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by Christine Johnson-Duell

As a teenager in the 1970s, amid psychedelic posters and doorway beads and a great deal of gauzy fabric, I pinned this quote to my bedroom wall:

A witch lives and laughs in every woman. She is the free part of each of us. There is no joining WITCH. If you are a woman and dare to look within yourself, you are a witch. You are a witch by being female, untamed, angry, joyous, and immortal. You are a witch by saying aloud ‘I am a witch’ and thinking about that.
From The W.I.T.C.H. Manifesto:
Women’s
International
Terrorist
Conspiracy from
Hell
New York, 1968

I loved the irreverence, daring, and humor in this provocative quote and adopted it as my personal manifesto. It felt very grown up to have it on my wall.

I was raised in something like a matriarchy. In my mother’s Sicilian family, women outnumber men three to one. I knew my Sicilian grandmother until I was three years old and knew all but one of her seven siblings. Throughout my childhood, every one of my grandmother’s sisters cared for me, literally and figuratively, and they modeled for me and my cousins how to make a community of women.

I am pretty sure these devout Sicilian women would not have understood my attraction to the W.I.T.C.H.  Manifesto. But, my mother was a charter subscriber to Ms, we canvassed together for the ERA, and she believes deeply in a woman’s right to a voice, a profession, to be free to make her own choices.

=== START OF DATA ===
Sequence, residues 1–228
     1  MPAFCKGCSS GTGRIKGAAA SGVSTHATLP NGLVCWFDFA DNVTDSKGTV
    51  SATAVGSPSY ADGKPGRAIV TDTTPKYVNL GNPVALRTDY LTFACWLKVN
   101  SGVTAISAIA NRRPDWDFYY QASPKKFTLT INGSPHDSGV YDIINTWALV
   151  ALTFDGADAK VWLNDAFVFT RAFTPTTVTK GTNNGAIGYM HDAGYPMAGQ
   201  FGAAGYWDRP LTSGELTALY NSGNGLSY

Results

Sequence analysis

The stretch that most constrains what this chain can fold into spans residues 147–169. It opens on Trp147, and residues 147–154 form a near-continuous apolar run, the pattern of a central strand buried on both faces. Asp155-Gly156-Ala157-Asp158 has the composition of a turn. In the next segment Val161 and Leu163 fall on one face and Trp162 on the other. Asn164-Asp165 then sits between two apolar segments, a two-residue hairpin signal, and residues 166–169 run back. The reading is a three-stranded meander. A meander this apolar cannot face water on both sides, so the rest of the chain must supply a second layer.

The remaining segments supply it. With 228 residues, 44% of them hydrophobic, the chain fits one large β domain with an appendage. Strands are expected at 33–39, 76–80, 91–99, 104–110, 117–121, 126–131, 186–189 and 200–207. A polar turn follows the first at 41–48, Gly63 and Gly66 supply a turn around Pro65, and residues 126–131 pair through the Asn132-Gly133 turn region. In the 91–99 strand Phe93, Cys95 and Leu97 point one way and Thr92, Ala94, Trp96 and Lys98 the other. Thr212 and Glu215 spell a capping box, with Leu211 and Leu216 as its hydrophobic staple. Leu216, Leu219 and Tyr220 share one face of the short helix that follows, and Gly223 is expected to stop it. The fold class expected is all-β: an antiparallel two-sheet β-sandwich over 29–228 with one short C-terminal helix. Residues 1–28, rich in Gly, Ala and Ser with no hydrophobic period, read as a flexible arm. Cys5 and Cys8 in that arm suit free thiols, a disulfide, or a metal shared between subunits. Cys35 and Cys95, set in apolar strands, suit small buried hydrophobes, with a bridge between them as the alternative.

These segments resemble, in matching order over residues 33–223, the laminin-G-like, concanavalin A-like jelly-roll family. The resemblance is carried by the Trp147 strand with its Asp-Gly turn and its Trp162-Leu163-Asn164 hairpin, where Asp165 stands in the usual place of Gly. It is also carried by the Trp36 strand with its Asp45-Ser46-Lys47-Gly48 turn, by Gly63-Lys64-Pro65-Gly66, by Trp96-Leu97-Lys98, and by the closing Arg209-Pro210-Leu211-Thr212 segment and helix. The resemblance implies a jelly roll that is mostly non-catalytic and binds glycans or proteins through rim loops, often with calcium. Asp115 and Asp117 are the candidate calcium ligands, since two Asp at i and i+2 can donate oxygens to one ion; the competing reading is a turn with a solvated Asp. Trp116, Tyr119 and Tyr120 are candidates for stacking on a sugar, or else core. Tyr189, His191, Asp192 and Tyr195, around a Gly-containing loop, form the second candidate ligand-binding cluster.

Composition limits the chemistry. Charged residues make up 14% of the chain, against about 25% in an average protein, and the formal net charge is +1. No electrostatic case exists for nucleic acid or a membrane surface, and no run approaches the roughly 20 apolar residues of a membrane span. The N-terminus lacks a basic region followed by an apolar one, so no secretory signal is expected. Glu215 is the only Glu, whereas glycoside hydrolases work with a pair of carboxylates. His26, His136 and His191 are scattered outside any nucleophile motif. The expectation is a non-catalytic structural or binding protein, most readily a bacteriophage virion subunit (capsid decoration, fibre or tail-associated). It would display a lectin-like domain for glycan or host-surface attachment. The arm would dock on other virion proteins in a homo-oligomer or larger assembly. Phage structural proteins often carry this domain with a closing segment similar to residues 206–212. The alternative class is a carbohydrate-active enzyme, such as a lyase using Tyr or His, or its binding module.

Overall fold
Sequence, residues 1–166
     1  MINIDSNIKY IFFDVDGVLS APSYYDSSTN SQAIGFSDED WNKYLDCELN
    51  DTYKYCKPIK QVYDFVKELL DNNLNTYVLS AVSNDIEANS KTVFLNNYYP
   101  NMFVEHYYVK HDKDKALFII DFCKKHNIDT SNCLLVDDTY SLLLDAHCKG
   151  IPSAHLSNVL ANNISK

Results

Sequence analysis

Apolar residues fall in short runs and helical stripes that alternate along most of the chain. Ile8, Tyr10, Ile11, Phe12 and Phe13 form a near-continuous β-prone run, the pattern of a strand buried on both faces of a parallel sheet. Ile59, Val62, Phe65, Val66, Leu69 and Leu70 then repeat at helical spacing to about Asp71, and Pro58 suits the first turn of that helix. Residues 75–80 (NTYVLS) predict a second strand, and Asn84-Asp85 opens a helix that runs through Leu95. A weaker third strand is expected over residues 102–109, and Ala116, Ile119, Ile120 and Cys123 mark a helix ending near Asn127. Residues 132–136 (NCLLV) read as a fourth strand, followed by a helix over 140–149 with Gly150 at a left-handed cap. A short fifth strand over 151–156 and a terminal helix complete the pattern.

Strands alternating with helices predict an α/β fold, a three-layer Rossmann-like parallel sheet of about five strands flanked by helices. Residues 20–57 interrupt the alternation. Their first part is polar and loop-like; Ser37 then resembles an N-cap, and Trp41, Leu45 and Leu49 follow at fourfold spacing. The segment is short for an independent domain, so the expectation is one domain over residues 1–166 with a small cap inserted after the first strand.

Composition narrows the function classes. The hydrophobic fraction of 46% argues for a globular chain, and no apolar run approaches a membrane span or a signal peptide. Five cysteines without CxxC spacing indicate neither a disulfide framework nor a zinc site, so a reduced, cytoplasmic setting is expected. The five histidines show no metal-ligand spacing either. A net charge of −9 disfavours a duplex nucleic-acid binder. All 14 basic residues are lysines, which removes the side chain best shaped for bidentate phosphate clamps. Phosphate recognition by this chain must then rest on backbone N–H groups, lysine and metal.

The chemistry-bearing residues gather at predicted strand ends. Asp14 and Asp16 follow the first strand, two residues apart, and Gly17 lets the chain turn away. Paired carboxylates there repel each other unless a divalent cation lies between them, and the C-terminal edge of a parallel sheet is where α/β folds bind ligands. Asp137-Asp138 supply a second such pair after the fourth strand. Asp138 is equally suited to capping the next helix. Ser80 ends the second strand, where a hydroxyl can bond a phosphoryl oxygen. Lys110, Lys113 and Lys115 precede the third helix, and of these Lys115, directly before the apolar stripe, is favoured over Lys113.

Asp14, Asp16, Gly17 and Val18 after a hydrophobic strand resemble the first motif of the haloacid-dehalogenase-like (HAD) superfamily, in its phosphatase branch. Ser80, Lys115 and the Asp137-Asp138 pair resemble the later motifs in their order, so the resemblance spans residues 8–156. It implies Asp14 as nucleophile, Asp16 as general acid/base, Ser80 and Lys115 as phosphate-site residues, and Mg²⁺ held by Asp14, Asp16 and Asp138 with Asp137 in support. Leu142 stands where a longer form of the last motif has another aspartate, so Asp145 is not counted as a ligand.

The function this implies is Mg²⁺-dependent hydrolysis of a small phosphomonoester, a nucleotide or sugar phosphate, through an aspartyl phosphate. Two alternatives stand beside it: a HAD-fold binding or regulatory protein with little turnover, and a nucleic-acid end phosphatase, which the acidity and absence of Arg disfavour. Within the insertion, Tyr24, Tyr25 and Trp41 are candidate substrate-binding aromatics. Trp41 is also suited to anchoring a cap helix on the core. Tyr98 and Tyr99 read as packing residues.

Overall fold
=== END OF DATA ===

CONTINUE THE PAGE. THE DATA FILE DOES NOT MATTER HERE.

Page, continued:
In our house, women’s work was public, political work. It was “untamed, angry, joyous” work that sought to become “immortal.” But I was always interested in the part of the manifesto that says, “dare to look within yourself,” which meant, to me, solitary, quiet work.

Hedgebrook offered me space to do reflective work; to “look within,” do work that seeks to be “immortal” and enter a community of women—and men who support the work of women.

At Hedgebrook, I finished a book of poems and discovered the project I am working on now. But most important for me—as a worker, parent, and wife—my role as writer was acknowledged, reinforced, and honored. I am a writer and I have a community, like the one my Sicilian great aunts modeled, that supports me in that role.

I lost track of the W.I.T.C.H. Manifesto after high school but I found it recently, during the Hedgebrook virtual retreat weekend in May.  My assignment for that weekend was to finish a paper purge of files from the past 30 years (with the expectation that clearing office space will result in clearer head space) and I discovered the manifesto in a yellowed file folder. I loved finding it on a weekend that I was connected to Hedgebrook. As I reread it, I found it still resonates, is still provocative, and is still wryly funny.

Last week, I returned to Hedgebrook to volunteer and saw a quote pinned to the wall of the longhouse. Its sentiment was so familiar that it made me smile:


Hedgebrook supports women so they may speak the truth, tell their messy, sometimes unpopular stories, break taboos, find their voices, their outrage, their delight, their power in the world.

Eve Ensler
Hedgebrook Creative Advisory Committee

2011 is not 1968 and I am, of course, no longer a high school student. (In fact, I will soon be the mother of a high school student.)

The W.I.T.C.H. Manifesto is an artifact of an earlier era, but if it is a different time and I am a different person, then Ensler’s words are an excellent update of my personal manifesto—one I’ll carry as I did the W.I.T.C.H. Manifesto—because there is still opportunity for outrage, delight, anger, and joy, in a community that supports the work of women. And there’s still plenty of work to do.

 

Christine Johnson-Duell
About Christine Johnson-Duell

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